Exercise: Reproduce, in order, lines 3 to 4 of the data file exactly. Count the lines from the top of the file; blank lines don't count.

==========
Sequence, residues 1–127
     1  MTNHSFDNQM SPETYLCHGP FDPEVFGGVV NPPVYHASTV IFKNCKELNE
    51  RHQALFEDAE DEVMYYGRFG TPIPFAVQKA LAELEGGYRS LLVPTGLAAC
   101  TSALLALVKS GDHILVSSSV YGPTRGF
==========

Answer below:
    51  RHQALFEDAE DEVMYYGRFG TPIPFAVQKA LAELEGGYRS LLVPTGLAAC
   101  TSALLALVKS GDHILVSSSV YGPTRGF